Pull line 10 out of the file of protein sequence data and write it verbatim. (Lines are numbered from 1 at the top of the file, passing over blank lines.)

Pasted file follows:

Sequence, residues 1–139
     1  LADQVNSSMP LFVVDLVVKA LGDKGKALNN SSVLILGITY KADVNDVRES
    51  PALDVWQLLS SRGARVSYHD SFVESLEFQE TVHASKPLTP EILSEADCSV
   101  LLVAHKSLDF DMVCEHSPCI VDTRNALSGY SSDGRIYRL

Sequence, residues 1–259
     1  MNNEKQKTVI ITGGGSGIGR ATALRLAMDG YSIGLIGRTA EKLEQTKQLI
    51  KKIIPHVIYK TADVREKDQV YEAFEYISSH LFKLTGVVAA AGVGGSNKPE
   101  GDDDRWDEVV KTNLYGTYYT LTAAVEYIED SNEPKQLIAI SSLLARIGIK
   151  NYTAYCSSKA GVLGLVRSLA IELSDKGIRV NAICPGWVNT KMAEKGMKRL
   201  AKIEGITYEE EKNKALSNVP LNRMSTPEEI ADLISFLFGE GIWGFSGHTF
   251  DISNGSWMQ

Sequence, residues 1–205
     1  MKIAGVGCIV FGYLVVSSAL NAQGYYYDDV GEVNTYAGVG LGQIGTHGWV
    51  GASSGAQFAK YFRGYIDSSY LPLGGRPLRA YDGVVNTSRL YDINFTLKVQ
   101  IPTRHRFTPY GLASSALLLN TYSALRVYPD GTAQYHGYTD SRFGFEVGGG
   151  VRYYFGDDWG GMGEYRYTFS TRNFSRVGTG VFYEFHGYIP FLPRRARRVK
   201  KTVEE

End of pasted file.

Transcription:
   201  AKIEGITYEE EKNKALSNVP LNRMSTPEEI ADLISFLFGE GIWGFSGHTF